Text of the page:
Viscera is the third album by saxophonist Colin Webster and drummer Mark Holub, and it is not to be taken lying down. This is energetic, gutsy free-form jazz, and has a unique quality which both musicians stamp on the music — making it their own both in style and magnitude.
Interestingly for such a well honed album, Viscera — due October 14, 2014 via New Atlantis Records — was recorded in just one day at London’s Dropout Studios, with no discussion before takes. The duo have a just-start ethos, with the only exception on this album being the final track tribute to the American composer and instrumentalist Roscoe Mitchell, called “Chant.”
That this is something rather special in terms of free playing is evident from the opening “Big Paws on A Puppy.” This is an excellent demonstration of conversation between two supreme artists, which perhaps is to be expected given their kudos — but yet it is unexpected in its aggression and ability to hit straight to the heart. The drums and sax alternate with devastating effect. Colin has a Peter Brotzmann-esque timbre to his playing, and at times sounds like Evan Parker in terms of his openness.
He told me that when he recorded the session he had early Brotz and Parker on his mind. However, any comparisons stop soon enough because, whilst obviously influenced by many great free players, Colin has a style which is so much of itself and his own. He uses stunt playing like Pine, attacks riffs like Parker and yet retains a sublime sense of otherness which is all his own. Half way through the opening track, the music ascends into an incredibly animated chit-chat between the sax, reeling off riff after riff, beautifully punctuated with the drums.
Communication is evident and these are two players who can read each other well. Colin is voracious and energetic; Mark is intuitive — and his timing is damn near on perfection.
“Splinters” follows “Big Paws,” and starts as a staccato maelstrom which develops into a rapid, quick-fire piece of repartee between the musicians. The song develops a Krishna-like beat through its middle section before finally ascending into pure atonal bliss. “Oaxacao” starts off sounding Eastern, and the promise it holds is fulfilled when the echoing riff is taken, thrashed to within a musical inch of its life and the drums intercede with a quiet, carefully poised section — before the piece finishes with a flourish from both players.
“Conkan” is a playful creation, with a cheerful discussion between drums and sax until the sax is given its own vocalising section — Colin makes the sax talk like few players — and then both players join in for the ending. “Then There Was” starts out so quietly, you’d think the players have gone off on a break but then it builds and builds before ascending into rowdy interchanges between the duo, and then ends with (almost) quiet sax. “Chant” is the final track, and is the only composition not by Mark and Colin. It ends Viscera superbly, with the tune given the duo’s own take.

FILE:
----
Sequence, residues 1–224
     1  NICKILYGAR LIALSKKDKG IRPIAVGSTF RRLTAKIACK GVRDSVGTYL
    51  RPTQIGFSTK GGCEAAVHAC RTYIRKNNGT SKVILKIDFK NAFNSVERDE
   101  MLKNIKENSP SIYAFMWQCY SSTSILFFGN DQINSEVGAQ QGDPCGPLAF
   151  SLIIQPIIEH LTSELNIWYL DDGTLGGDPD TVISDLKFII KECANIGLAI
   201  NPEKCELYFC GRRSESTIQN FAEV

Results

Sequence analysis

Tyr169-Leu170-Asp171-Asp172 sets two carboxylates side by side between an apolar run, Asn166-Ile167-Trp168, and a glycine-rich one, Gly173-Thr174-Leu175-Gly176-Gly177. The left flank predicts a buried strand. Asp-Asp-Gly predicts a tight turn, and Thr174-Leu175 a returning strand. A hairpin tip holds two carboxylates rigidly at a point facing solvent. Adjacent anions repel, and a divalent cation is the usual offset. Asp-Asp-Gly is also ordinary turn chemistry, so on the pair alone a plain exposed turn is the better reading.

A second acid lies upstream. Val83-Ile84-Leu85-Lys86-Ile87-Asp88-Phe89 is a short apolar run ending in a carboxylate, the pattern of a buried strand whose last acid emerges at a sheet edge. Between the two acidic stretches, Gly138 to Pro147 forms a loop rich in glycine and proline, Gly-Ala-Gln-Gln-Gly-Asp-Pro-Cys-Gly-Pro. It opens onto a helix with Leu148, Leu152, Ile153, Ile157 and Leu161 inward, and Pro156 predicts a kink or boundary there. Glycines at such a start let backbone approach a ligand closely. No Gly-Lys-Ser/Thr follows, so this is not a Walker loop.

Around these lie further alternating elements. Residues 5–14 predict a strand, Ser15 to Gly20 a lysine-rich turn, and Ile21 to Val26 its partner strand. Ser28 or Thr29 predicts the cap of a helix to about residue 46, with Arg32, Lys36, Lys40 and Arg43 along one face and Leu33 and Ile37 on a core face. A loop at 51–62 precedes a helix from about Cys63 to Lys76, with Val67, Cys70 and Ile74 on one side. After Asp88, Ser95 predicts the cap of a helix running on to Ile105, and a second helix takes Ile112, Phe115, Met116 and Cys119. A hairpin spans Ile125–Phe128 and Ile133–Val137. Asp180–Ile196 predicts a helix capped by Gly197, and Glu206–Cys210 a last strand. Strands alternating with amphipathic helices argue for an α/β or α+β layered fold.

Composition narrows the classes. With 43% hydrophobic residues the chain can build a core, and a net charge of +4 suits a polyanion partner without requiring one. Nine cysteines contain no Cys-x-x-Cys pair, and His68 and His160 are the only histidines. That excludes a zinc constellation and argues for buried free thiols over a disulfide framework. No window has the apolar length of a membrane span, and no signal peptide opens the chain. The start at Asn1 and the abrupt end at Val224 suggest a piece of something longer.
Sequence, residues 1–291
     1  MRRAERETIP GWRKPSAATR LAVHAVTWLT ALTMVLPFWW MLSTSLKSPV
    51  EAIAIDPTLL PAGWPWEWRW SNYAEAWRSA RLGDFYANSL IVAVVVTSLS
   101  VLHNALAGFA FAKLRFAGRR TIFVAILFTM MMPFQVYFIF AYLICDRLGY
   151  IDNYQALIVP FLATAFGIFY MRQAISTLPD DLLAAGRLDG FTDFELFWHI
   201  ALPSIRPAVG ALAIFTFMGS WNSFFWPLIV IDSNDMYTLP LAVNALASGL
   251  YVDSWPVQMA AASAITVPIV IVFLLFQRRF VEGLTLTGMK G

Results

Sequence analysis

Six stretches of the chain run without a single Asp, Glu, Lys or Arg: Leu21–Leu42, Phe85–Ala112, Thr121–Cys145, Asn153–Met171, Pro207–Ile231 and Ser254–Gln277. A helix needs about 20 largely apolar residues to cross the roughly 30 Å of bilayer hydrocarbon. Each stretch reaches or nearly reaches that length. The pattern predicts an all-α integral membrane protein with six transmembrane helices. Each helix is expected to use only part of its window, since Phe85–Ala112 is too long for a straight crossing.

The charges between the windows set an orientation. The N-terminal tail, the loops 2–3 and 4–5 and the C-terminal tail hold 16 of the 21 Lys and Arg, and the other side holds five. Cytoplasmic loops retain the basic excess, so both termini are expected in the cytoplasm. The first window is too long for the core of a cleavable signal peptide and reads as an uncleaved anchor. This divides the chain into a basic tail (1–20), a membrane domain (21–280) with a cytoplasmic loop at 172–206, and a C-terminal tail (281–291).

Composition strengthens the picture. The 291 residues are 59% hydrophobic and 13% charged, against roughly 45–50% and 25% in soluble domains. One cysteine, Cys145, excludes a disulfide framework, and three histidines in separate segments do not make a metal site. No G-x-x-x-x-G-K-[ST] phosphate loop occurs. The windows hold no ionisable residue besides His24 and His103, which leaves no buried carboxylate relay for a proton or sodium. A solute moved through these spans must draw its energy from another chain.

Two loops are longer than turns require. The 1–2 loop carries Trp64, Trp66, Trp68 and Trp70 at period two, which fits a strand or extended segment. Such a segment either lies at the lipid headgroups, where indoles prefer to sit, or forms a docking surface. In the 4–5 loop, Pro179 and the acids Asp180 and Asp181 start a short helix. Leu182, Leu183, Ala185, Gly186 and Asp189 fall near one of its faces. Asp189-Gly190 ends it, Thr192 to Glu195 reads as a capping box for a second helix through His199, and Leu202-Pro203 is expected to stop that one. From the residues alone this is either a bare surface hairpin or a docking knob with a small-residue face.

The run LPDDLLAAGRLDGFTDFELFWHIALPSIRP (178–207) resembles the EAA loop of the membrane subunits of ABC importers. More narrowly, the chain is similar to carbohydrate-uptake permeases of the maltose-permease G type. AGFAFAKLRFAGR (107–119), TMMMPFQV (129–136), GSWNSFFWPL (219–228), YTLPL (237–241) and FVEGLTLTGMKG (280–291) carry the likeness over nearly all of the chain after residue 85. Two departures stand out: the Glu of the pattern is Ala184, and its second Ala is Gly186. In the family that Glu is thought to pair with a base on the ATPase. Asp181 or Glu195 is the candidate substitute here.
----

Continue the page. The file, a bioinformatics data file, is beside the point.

To say this is an enjoyable album is playing it down to the nth degree. Holub and Webster have an affinity which can only be brought about by intuitive knowledge of each other’s playing. After all, going back to 2010, the duo recorded Koi Bombs (Gaffer Records) with keyboardist Toby McLaren. In 2012, The Claw was released via Colin’s own Raw Tonk imprint. Webster and Holub have toured extensively in the UK and France, amalgamating free-form playing with avant rock, doom metal, noise and more. In November of 2013, they released Gutty Mutter on a limited-edition CD, recorded live at the Vortex Jazz Club in London.
That brings us to Viscera, an album which makes you think to yourself: “This is what free playing is all about.” Aggressive, quirky and un-engineered, Viscera brilliantly veers from tuneful ditties to anarchic, spinning-top divergences. This is simply a great free-playing album by gifted and attuned players. I was asked what I made of it. Did I like it? No. Did I absolutely, definitely love it? Well, yes actually!
By the way, Holub also leads the avant-jazz quintet Led Bib, formed in 2003 and also featuring Pete Grogan and Chris Williams on alto saxes, Liran Donin on double bass and Toby Mclaren on keyboards. Led Bib have a growing following and reputation. Their discography includes Arboretum, which won the Peter Whittingham Jazz Award in 2005 and, among others, Sensible Shoes from 2009 — which was nominated for the 2009 Mercury Prize. Mark lives in Vienna where he plays a major part in the Austrian experimental music community. Webster has collaborated with many key musicians including Archie Shepp, Steve Noble and Alex Ward among others.